Bunny Wailer (Neville O’Riley Livingston) passed away last week. Together with Bob Marley and Peter Tosh, he made up the triumvirate that the music world knew as The Wailers. He had 73 years and outlived his other two band mates by a long shot. Bunny was a singer and a percussionist.
If you want to read about this threesome, I recommend a book entitled The Natural Mystics by Colin Grant, a Londoner of Jamaican parents. Colin Grant has also written an interesting biography of Marcus Garvey called Negro with a Hat. In The Natural Mystics, the author explores the world that The Wailers came from, the harsh poverty of Trench Town, the Obeahs (witchdoctors) of Rastafarianism, together with a colorful cast of rude boys, musicians, political activists, legitimate promoters and producers, carneys, and the magic of being in the right place at the right time with something to say and sing about. Bunny Wailer was an integral part of that seminal sound. He was also the only Wailer to spend serious time in the slammer, eighteen months for the unholy crime of ganja possession. Of that experience, he was quoted as saying, “You have to go to hell to know what the devil’s about.”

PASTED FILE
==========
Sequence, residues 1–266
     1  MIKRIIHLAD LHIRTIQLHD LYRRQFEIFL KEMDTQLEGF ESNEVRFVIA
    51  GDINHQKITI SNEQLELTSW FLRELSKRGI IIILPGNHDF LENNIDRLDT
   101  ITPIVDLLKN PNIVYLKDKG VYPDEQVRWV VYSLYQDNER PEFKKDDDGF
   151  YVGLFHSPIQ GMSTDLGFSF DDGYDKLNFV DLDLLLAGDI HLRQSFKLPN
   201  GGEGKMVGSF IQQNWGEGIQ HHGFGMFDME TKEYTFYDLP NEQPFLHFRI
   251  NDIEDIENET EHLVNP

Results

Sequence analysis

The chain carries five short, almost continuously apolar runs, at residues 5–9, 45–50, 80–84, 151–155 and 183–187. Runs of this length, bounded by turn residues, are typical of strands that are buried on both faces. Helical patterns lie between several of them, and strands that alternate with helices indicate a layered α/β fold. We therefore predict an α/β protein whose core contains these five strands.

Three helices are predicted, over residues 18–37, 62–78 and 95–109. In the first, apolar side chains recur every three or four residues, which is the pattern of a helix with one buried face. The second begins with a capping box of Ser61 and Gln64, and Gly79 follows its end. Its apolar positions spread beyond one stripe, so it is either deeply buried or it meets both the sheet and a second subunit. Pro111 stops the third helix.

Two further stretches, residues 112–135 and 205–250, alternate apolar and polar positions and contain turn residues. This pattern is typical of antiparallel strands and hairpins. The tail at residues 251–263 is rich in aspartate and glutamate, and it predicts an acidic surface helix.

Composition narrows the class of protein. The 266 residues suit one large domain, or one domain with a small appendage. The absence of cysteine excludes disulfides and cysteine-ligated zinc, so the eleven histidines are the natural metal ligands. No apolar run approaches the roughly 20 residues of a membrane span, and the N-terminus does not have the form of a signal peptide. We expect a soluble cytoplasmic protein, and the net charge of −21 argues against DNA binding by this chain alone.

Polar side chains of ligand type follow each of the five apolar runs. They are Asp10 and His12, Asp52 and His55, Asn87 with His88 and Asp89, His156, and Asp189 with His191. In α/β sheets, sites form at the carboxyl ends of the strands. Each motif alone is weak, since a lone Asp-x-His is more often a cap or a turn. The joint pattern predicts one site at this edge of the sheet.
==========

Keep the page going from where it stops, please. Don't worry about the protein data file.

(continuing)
Bunny Wailer was a not too shabby cricketer. At the Richmond Prison Farm, three inmates were allowed to be on the team representing the prison. The rest of the side was made up of screws and officials. Bunny regularly padded up to bat for the jail squad and was a crowd favorite. So here’s a short video clip of Bunny Wailer holding forth on the game of cricket. He can and should be remembered as being a founding member of The Wailin’ Wailers, the musician who brought us the album Blackheart Man, a true voice against the inequities of colonialism, and finally the last man standing. For me, his eloquence on cricket and what it meant to the oppressed people of the West Indies was worth it alone. He put these words together while chasing away the backyard dog. Check it out. Rest In Peace, Bunny Wailer.